Early CA-125 fluctuations in patients with recurrent ovarian cancer receiving chemotherapy
ABSTRACT The objective of this study was to analyze retrospective populations with recurrent ovarian cancer to assess differences in CA-125 patterns during chemotherapy. The populations included all patients treated between January 1994 and January 2004, who received liposomal doxorubicin and topotecan, and all patients treated between July 1997 and June 2001, who received carboplatin. Prognostic variables were abstracted from the medical records. Eighty-nine patients received liposomal doxorubicin and topotecan therapy and 21 received carboplatin; of these, 59 (liposomal doxorubicin), 60 (topotecan), and 17 (carboplatin) patients had evaluable CA-125 patterns. Patients given liposomal doxorubicin were more likely to have received only one or two cycles of therapy (37/89 [42%]) than patients receiving either carboplatin (5/21 [24%]) or topotecan (20/89[22%]). In cycle 1, CA-125 increases in patients were carboplatin, 4/17 (24%); liposomal doxorubicin, 41/59 (69%); and topotecan, 11/60 (18%). In cycle 2, CA-125 increases were carboplatin, 2/16 (13%); liposomal doxorubicin, 19/37 (51%); and topotecan, 9/50 (18%). In cycle 3, CA-125 increases were carboplatin, 0/12 (0%); liposomal doxorubicin, 7/23 (30%); and topotecan, 6/38 (16%). Of patients having any CA-125 decrease and given two or more cycles, fewer declines were seen in those given liposomal doxorubicin precycle 2 (18/35[51%]) than in those given carboplatin (13/16[81%]) or topotecan (49/56[88%]). The most prominent delay in CA-125 decline was in patients given liposomal doxorubicin compared with those given topotecan or carboplatin. In the entire population, only 3 of 107 (2.8%) patients demonstrated first CA-125 decline precycle 4. Discontinuation of therapy solely on the basis of early CA-125 increase (precycle 3), particularly with liposomal doxorubicin chemotherapy, may exclude some patients who will benefit from continued therapy.
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Article: Ferrandina G, Ludovisi M, Corrado G, Carone V, Petrillo M, Scambia GPrognostic role of Ca125 response criteria and RECIST criteria: analysis of results from the MITO-3 phase III trial of gemcitabine versus pegylated liposomal doxorubicin in recurrent ovarian cancer. Gynecol Oncol 109: 187-193[Show abstract] [Hide abstract]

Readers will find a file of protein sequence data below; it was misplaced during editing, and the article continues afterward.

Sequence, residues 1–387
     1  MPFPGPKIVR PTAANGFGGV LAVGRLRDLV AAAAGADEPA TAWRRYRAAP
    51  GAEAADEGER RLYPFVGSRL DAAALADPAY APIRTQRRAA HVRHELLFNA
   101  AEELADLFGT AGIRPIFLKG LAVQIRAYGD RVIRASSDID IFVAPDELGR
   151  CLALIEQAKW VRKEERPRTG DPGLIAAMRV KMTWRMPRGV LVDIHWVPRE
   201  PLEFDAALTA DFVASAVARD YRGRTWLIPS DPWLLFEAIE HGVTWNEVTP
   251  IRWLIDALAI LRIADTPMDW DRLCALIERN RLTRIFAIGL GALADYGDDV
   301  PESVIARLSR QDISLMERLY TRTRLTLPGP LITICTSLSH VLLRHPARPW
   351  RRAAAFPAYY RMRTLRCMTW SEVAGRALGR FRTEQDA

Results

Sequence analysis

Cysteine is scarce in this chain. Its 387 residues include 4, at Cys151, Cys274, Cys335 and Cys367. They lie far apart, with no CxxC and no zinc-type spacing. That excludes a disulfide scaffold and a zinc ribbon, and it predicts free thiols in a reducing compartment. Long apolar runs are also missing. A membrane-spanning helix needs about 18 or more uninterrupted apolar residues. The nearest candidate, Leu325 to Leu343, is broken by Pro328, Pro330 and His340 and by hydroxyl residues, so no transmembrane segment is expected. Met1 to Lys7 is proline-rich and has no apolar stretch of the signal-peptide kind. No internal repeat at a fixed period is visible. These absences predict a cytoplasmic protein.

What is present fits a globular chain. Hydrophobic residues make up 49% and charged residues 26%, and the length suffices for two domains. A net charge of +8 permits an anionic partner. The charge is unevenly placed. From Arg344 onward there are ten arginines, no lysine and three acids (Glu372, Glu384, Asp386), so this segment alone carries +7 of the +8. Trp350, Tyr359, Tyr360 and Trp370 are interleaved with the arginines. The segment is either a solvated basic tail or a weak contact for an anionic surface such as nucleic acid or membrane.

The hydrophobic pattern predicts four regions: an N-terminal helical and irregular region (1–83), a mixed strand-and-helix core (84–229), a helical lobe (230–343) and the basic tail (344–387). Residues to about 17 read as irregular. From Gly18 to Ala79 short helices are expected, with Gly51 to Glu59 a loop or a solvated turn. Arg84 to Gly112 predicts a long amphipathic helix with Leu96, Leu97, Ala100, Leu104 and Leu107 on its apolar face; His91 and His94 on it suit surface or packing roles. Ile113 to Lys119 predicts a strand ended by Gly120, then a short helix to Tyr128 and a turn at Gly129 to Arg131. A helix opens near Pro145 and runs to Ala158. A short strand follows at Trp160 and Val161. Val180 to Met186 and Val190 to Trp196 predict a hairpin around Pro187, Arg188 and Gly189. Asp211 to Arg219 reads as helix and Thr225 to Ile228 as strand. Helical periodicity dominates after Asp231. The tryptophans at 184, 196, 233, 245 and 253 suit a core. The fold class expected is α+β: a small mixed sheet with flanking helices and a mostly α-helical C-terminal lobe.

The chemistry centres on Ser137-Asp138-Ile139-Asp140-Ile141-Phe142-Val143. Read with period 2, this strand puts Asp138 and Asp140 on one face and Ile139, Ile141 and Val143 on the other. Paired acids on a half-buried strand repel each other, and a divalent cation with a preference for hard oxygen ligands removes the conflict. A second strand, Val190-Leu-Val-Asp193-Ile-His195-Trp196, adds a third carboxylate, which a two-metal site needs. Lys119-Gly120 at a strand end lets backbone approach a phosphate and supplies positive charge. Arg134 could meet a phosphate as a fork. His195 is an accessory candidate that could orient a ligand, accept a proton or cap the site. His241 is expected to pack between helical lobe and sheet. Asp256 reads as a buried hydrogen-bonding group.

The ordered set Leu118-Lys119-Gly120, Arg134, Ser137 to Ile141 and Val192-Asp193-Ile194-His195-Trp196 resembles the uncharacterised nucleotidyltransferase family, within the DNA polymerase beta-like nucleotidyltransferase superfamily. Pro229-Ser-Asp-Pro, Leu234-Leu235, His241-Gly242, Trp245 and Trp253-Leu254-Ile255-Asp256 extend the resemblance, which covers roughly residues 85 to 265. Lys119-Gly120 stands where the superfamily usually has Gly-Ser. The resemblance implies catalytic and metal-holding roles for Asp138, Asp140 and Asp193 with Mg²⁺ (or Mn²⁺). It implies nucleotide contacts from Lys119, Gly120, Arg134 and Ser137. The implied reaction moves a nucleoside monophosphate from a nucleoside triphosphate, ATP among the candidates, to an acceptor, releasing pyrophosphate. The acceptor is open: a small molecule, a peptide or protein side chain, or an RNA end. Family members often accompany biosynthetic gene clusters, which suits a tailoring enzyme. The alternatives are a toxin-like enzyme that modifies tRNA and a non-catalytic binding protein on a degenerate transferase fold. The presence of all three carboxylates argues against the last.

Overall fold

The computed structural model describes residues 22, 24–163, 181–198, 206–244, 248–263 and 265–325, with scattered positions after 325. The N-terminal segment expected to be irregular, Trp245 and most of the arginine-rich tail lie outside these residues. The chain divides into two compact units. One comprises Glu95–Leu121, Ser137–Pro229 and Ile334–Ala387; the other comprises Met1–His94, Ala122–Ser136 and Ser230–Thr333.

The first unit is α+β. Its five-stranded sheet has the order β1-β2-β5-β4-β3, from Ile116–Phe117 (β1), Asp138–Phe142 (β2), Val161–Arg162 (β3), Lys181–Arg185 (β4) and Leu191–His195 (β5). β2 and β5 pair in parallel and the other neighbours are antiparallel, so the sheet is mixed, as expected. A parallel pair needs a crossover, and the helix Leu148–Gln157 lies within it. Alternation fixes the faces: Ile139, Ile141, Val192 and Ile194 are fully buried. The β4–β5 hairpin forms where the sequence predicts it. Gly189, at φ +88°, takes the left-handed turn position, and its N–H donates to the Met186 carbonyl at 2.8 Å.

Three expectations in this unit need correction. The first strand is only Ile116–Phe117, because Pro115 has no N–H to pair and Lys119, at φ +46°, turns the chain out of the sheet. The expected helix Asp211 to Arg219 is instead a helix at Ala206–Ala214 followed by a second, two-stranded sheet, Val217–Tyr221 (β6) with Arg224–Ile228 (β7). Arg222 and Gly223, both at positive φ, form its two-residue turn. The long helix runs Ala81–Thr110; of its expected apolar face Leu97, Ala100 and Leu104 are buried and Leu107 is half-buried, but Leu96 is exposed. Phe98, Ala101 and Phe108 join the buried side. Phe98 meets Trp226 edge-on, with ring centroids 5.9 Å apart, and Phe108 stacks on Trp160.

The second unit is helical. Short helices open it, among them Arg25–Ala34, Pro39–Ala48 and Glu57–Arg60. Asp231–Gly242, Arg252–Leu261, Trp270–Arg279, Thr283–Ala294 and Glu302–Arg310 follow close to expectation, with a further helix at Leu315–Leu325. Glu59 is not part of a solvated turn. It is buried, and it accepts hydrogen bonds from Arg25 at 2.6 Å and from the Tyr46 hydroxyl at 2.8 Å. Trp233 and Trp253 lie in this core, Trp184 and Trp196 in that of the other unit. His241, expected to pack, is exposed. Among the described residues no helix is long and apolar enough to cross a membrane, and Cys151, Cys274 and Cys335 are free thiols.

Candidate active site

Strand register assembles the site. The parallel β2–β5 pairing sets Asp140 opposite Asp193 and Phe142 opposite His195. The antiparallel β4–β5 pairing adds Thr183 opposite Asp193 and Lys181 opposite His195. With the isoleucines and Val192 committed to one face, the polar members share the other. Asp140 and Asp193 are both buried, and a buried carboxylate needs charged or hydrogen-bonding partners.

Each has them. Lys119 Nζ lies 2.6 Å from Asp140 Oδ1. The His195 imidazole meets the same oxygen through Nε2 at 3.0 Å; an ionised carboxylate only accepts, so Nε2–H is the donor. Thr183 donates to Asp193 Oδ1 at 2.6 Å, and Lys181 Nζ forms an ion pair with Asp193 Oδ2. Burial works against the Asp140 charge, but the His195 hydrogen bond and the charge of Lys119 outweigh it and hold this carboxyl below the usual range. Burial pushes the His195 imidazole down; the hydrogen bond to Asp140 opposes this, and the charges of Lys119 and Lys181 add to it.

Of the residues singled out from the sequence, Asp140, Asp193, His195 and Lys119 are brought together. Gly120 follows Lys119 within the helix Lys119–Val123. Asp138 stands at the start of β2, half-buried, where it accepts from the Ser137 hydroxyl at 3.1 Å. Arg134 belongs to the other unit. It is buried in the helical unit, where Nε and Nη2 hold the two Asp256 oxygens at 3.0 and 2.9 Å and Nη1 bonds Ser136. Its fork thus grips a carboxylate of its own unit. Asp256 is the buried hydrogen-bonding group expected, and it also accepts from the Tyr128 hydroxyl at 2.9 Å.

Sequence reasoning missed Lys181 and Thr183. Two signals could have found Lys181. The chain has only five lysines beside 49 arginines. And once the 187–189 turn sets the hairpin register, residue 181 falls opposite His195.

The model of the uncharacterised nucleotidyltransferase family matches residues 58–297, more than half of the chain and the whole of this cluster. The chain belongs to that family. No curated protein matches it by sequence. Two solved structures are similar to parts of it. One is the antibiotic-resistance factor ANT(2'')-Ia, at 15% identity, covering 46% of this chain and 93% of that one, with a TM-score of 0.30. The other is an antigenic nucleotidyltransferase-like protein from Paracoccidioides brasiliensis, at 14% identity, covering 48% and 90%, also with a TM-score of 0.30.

ABSTRACT: The aim of the study was to investigate i) the association between the Ca125 based and the RECIST assessed response in recurrent ovarian cancer patients enrolled in a Phase III randomized trial (MITO-3) comparing salvage treatment with pegylated liposomal doxorubicin (PLD) versus gemcitabine (GEM); ii) the correlation between the early modifications of Ca125 levels during treatment and the RECIST assessed response; iii) the prognostic value of response based on Ca125 and the RECIST criteria. Assessment of response was performed by the RECIST and the GCIG criteria. The prognostic impact of the response by the RECIST criteria and the GCIG criteria was analyzed by the landmark method. Overall, of 30 cases defined as responders on the basis of the GCIG criteria, 20 resulted as responders according to the RECIST criteria (NPV=66.7%); conversely, 93.7% of the cases considered not responders based on the GCIG criteria were defined as unresponsive at RECIST evaluation. Early modifications of Ca125 levels were not completely predictive of the ultimate RECIST defined response. Overall survival (OS) was longer in RECIST defined responders versus non responders, although the statistical significance was not reached (p value=0.092); conversely, median OS was significantly longer in GCIG defined responders than in non responding patients (p value=0.0059). In multivariate analysis, the GCIG assessed response maintained its independent association with OS. GCIG criteria for tumor response could replace the conventional assessment of response in the decision making process relative to the discontinuation or prolongation of the salvage treatment in ovarian cancer.Gynecologic Oncology 06/2008; 109(2):187-93. DOI:10.1016/j.ygyno.2008.01.039 · 3.69 Impact Factor
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ABSTRACT: As more effective, less toxic cancer drugs reach patients, the need for accurate and reliable cancer diagnostics and prognostics has become widely appreciated. Nowhere is this need more dire than in ovarian cancer; here most women are diagnosed late in disease progression. The ability to sensitively and specifically predict the presence of early disease and its status, stage, and associated therapeutic efficacy has the potential to revolutionize ovarian cancer detection and treatment. This article reviews current ovarian cancer diagnostics and prognostics and potential biomarkers that are being studied and validated. Some of the most recent molecular approaches being used to identify genes and proteins are presented, which may represent the next generation of ovarian cancer diagnostics and prognostics.Journal of the National Comprehensive Cancer Network: JNCCN 10/2008; 6(8):795-802. · 4.24 Impact Factor